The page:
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Standard view of quantum measurement requires a complete basis of possibilities, however some of them might make no sense - can we just normalize probability without these possibilities? To better express this question, let me describe the situation where I got it.

In page 9 of this Preskill lecture we can find simple form of Bell inequalities for three binary variables: $$ P(A=B) + P(A=C) + P(B=C) \geq 1 $$ which is kind of obvious: "This is satisfied by any probability distribution for the three coins because no matter what the values of the coins, there will always be two that are the same." This lecture also contains example of state for which QM gives P(A=B) + P(A=C) + P(B=C) =3/4 violation.

For Bell violation by MERW, I wanted to construct an example of violation of this inequality using only real non-negative amplitudes, what lead me to this candidate ($|ABC\rangle$): $$\psi=(|001\rangle + |010\rangle +|100\rangle +|011\rangle +|101\rangle +|110\rangle)/\sqrt{6}$$ The question is: what is the probability distribution when measuring two out of three such variables?

The interesting basis for measuring first two variables (AB, taking trace over C), is: $$n_{00}=(|000\rangle+|001\rangle) /\sqrt{2}\qquad n_{01}=(|010\rangle+|011\rangle) / \sqrt{2}$$ $$n_{10}=(|100\rangle+|101\rangle ) / \sqrt{2}\qquad n_{11}=(|110\rangle+|111\rangle) / \sqrt{2}$$ getting $$|\langle n_{00}|\psi\rangle|^2=1/12\quad |\langle n_{01}|\psi\rangle|^2=4/12 \quad |\langle n_{10}|\psi\rangle|^2=4/12 \quad |\langle n_{11}|\psi\rangle|^2=1/12 $$ However, as this basis is not complete, instead of 1, these four possibilities sum up to 10/12.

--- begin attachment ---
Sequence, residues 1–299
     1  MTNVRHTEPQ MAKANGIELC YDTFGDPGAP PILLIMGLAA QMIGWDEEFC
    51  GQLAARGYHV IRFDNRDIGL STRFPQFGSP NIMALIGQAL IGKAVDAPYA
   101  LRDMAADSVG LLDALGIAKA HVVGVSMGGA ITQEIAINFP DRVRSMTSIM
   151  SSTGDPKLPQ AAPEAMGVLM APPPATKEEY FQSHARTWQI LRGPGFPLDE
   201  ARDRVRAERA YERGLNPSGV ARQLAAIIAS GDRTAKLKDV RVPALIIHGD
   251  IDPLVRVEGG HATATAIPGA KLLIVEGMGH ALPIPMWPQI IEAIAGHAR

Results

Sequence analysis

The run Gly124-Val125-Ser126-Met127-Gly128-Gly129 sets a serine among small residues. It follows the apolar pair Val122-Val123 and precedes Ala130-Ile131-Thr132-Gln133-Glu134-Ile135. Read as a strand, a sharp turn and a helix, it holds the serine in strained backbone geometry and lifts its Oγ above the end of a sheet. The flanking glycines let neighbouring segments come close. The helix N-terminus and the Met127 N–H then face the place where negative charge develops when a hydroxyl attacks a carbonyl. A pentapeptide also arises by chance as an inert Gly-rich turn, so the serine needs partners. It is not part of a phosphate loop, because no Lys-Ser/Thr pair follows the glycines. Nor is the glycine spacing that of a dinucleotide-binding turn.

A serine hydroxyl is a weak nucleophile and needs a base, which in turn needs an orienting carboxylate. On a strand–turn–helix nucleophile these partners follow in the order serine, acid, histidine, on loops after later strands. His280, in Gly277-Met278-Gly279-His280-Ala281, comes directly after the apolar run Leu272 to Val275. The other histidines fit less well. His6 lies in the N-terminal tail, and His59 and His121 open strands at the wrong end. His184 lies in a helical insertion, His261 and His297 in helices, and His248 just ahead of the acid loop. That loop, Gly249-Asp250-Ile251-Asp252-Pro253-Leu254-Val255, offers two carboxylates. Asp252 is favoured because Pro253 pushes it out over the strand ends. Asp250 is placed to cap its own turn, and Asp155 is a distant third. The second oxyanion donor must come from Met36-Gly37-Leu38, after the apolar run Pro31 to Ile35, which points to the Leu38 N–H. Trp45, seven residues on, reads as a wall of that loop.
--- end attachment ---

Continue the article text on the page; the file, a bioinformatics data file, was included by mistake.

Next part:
The remaining (1+1)/12 are e.g. in $n'_{00}=(|000\rangle-|001\rangle) /\sqrt{2}$, which seems to make no sense (?) while measuring just first two variables. If it does, wheat would such state mean?

Can we normalize dividing by this 10/12?

Getting probability of 00 as 1/10, and finally violation to $P(A=B) + P(A=C) + P(B=C) = 6/10$?

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  • $\begingroup$ The question is ill-posed. Do you want to measure the variables and then check whether they're the same, or do you want to coherently measure only whether they're the same, without finding out their values? The two are very different (e.g. the first is subject to the relevant classical Bell inequality, and the second one isn't) and it's crucial that you understand the difference. $\endgroup$ – Emilio Pisanty Aug 26 '17 at 14:38
  • $\begingroup$ For the written prepared state psi, I am asking about probability distribution while measuring two out of three variables. The answer of OON below suggests that it is P(00)=2/12, P(01)=4/12, P(10)=4/12, P(11)=2/12 here. $\endgroup$ – Jarek Duda Aug 26 '17 at 14:53
  • $\begingroup$ You seem to have a misconception what a Bell inequality is: The above (from Preskill) is not a Bell inequality, but an inequality on three random variables. From this, plus a local hidden variable model, a Bell inequality can be derived. $\endgroup$ – Norbert Schuch Aug 28 '17 at 18:15